1 Kgs 19:4-8
Ps 34:2-3, 4-5, 6-7, 8-9
Eph 4:30—5:2
Jn 6:41-51

In this week’s readings, we’re continuing to be schooled in what it means to partake of the Eucharist. Last week, we heard about the “bread of life”; the week prior, we were part of the “loaves and fishes” crowd. This week, we hear about having bread for the journey of our lives – the journey each one of us takes to encounter God. We discover that this journey toward God sometimes begins exactly at a moment of crisis, even paralyzing crisis – but that Jesus offers us a way forward.

We find ourselves first with Elijah, having an encounter with an angel of the Lord. In the verses before today’s passage, Elijah has just had a violent encounter with the Israelite King Ahab and his false prophets, who had turned the people away from God. Ahab is in hot pursuit, seeking vengeance against Elijah because Elijah and his men have slaughtered the prophets of Baal.

Elijah does not know what to do; his own vocation has a prophet has been shaken, for we hear him calling to God: “Take my life, for I am no better than my fathers.” Elijah expects to die there in the desert, for he apparently has no food, no water, and no traveling companions.

Yet in the middle of the night, Elijah is visited by an angel of the Lord and given food to eat and water to drink. In fact, the angel exhorts him to over eat, for he is going on a long journey. Today’s passage does not communicate what the long journey is for, but reading ahead we see that this long journey will eventually culminate in Elijah meeting God at Mt. Horeb – where he will encounter God. God will not show himself in loud obvious ways (wind, fire, earthquake) but in “a light silent sound.” (1 Kings 19:12)

In other words, at a crisis point in his life, Elijah is receiving bread for his literal journey to God at the mountain.

Who among us has not experienced a similar crisis point in faith, maybe especially when trying to do what we think God wants us to do – but we discover we’re entirely unsure we’ve done that – and moreover, we just want to give up. I’m thinking about two specific such points in my life.

One is when I made a decision to get a divinity degree at a particular school. It ended up being a really bad decision on my part, and I kept thinking, “Didn’t God send me here? Or did I just not hear God’s voice?” A second is when I experienced further hearing loss and felt like my world was closing in on me.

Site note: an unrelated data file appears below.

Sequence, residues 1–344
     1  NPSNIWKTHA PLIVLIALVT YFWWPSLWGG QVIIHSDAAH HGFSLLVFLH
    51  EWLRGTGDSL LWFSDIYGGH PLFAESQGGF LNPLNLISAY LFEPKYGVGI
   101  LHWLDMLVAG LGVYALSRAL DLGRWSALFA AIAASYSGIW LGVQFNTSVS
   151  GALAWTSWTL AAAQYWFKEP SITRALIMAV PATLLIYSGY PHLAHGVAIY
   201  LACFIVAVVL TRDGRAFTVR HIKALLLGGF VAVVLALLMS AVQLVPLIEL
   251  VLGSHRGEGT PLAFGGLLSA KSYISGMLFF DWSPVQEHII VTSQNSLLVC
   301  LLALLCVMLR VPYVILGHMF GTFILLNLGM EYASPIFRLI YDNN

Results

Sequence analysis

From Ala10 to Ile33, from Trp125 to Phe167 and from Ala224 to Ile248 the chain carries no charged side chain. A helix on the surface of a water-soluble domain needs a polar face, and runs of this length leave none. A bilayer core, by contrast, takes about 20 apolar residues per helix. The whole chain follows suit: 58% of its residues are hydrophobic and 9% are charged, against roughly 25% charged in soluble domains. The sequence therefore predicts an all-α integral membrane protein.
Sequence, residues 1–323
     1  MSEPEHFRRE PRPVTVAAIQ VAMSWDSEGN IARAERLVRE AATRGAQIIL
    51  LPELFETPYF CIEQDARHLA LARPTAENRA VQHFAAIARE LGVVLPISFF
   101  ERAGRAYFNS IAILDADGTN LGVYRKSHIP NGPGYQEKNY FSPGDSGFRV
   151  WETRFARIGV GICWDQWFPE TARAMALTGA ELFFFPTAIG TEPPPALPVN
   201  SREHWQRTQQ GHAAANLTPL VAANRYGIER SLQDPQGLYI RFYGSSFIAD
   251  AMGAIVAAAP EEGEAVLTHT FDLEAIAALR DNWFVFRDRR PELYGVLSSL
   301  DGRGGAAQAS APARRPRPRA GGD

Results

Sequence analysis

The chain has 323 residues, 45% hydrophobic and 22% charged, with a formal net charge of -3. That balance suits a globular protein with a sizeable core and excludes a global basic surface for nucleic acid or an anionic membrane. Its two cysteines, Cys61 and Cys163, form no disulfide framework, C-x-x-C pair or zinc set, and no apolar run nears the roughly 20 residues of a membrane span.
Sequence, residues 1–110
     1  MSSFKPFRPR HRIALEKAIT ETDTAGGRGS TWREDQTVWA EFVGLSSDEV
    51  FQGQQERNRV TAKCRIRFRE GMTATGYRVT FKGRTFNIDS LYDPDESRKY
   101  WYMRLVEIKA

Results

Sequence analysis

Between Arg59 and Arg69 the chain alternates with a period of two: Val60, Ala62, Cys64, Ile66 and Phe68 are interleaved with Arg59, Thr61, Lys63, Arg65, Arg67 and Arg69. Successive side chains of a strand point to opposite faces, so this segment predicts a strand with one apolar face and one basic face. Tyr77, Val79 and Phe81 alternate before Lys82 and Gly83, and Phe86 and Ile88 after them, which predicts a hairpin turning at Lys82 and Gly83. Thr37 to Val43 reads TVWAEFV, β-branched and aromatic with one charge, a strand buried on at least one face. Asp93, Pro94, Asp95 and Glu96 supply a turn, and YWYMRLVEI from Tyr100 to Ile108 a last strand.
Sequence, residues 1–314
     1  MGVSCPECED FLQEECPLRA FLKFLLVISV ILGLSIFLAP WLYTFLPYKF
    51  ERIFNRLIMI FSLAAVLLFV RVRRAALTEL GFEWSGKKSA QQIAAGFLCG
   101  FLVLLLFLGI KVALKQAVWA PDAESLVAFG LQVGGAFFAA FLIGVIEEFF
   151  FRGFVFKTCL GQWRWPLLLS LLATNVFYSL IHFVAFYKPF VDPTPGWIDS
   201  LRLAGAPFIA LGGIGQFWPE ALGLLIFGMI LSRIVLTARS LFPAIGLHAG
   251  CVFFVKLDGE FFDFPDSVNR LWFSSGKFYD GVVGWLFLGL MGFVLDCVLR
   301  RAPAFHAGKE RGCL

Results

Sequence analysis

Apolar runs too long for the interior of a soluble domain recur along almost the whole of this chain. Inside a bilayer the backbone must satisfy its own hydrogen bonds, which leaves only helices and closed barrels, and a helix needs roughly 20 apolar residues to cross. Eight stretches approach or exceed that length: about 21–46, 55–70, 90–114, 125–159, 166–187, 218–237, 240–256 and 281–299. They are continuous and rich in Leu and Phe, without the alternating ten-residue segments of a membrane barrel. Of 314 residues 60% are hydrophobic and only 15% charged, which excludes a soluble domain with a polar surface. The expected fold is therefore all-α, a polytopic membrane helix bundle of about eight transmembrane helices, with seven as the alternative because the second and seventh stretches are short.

Both cases led to a crisis of faith, and a sense that I should just give up. In both cases, though, I was reminded that there is no where I can go where God is not. There is no decision I can make (even one that is not the best decision) where God is apart from me. (Psalm 139!).

Jesus’ statements about being the Bread of Life make clear this is a forever journey. We are always seeking God. We may not be physically walking 40 days and 40 nights, but in our daily journeys, we have a way to encounter God. God the Father draws us into Jesus’ own life, which we receive in the bread of the Eucharist:

No one can come to me unless the Father who sent me draw him,
and I will raise him on the last day. 

John 6:44

One crucial point we begin with in moral theology is precisely this journey to God – for God is our end, our life. One way to think about moral life is precisely that it is a way to name our journey to God. May we seek, as Paul exhorts in his letter to the Ephesians, to be people imbued with the virtues of compassion and kindness. (How important that is in our divided US!)

But may we also know that when we fail – or when we feel that perhaps our journey is getting us nowhere – God will still be there for us, and most especially in the bread of heaven that we receive in the Eucharist.